SINGAPORE —Singapore has seen an increase in concert-ticket scams this year, causing citizens to lose over $518,000 between 1 January and 10 July.
In a written parliamentary reply published on Thursday (3 August), Minister for Home Affairs and Law, K.Shanmugam revealed the losses due to this particular form of fraud, in response to a question by Radin Mas SMC Member of Parliament Melvin Yong on the financial toll of such scams over the past five years.
According to the minister, the losses were $84,000 in 2018, $66,000 in 2019, $9,000 in 2020, $3,000 in 2021, and $175,000 in 2022.
Concert ticket frauds under SPF's radar
Assoc Prof Muhammad Faishal Ibrahim, Minister of State for Home Affairs, also addressed the measures being taken to combat the surge in scams during Parliament on Wednesday.
He highlighted that the Singapore Police Force (SPF) has observed an increase in e-commerce scams, particularly those involving concert tickets.
The scams primarily target victims on popular e-commerce websites and social media platforms like Carousell, Facebook, Telegram and Twitter.
Scammers often employ tactics to create a sense of urgency, claiming that the tickets are selling out fast, pressuring victims to make hasty payments.
"Once the payment is received, scammers would claim to be unable to transfer the tickets to the victim and thereafter become uncontactable," Faishal said.
"In some cases, victims may receive their tickets via email or WhatsApp, only to realise that the tickets are invalid on the actual day of the concert."
Singapore's multi-faceted approach to protecting concert-goers
The Ministry of Home Affairs is taking a multi-faceted approach to tackle these scams effectively. One of the primary strategies is to collaborate closely with e-commerce and social media platforms to promptly take down scam advertisements and accounts involved in fraudulent activities.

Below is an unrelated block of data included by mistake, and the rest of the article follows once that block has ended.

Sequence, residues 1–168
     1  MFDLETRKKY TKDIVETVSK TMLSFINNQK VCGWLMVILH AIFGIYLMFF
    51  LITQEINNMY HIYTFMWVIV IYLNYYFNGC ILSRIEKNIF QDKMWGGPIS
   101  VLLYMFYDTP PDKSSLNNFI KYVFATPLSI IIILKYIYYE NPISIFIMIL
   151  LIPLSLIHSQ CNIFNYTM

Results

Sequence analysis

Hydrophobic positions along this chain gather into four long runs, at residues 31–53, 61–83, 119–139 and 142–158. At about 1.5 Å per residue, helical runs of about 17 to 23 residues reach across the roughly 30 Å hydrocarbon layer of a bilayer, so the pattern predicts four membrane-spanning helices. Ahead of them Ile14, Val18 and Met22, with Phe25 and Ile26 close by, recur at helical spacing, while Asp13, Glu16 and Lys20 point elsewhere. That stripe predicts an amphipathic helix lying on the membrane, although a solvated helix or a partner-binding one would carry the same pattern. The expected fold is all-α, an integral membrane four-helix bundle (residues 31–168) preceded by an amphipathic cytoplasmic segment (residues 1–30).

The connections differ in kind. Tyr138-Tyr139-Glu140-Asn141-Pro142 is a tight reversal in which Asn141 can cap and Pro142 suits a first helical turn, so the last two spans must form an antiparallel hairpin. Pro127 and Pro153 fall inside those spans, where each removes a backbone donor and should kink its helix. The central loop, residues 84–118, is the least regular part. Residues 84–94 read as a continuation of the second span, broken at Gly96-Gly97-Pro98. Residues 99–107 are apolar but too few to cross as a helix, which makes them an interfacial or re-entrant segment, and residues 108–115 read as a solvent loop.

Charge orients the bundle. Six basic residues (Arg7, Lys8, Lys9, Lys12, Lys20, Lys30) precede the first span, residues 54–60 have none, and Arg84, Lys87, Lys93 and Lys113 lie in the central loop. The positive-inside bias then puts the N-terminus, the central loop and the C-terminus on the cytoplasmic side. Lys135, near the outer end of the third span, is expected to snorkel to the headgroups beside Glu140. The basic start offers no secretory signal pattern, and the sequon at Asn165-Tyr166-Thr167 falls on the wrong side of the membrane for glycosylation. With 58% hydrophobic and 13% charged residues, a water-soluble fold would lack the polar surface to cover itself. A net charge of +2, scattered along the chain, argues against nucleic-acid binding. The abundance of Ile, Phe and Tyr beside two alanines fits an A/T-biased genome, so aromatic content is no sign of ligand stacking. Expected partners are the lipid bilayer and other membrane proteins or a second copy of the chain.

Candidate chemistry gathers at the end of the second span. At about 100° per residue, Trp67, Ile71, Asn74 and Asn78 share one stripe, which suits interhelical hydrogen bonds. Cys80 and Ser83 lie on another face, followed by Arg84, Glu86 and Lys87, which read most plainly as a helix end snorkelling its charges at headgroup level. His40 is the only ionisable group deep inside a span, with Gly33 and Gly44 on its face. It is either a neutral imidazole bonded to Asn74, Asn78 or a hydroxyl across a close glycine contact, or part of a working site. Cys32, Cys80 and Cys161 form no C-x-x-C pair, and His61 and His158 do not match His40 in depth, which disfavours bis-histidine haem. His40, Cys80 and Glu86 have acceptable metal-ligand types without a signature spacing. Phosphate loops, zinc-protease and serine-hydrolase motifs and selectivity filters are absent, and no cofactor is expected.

SPF also worked with platforms to prevent such scams through pre-emptive detection and blocking of scam accounts.
Public education is another aspect of the Ministry's efforts. They have partnered with ticket retailers, concert organisers, and online platforms to issue advisories to the public, warning them about the dangers of concert-ticket scams.
"For example, SingPost displayed these advisories on digital screens within their outlets, for members of the public who were queuing to purchase concert tickets. Ticketmaster placed similar advisories on their website," Faishal added.
The Inter-Ministry Committee on Scams has also taken steps to promote safer e-commerce transactions. They introduced the E-commerce Marketplace Transaction Safety Ratings in May 2022, which informs consumers about the anti-scam measures implemented by major e-commerce platforms.
In a significant move to combat online criminal activities, the Ministry of Home Affairs passed the Online Criminal Harms Act last month.
This act empowers the government to issue directions to online platforms to disable online criminal content, including scam-related ones. It also allows the government to require providers of designated online services to implement upstream measures like user verification to prevent scams from occurring.
Empowering the Public: "Add, Check, Tell"
Faishal stressed that while these measures are vital, the public's vigilance remains the best defence against scams.
He urged Singaporeans to adopt the three-step approach of "Add, Check and Tell" to protect themselves from falling victim to concert ticket scams.
By adding security features to their devices, checking seller reviews and red flags, and reporting fraudulent advertisements and encounters, Singaporeans can use this as a precautionary measure to combat scams, Faishal added.
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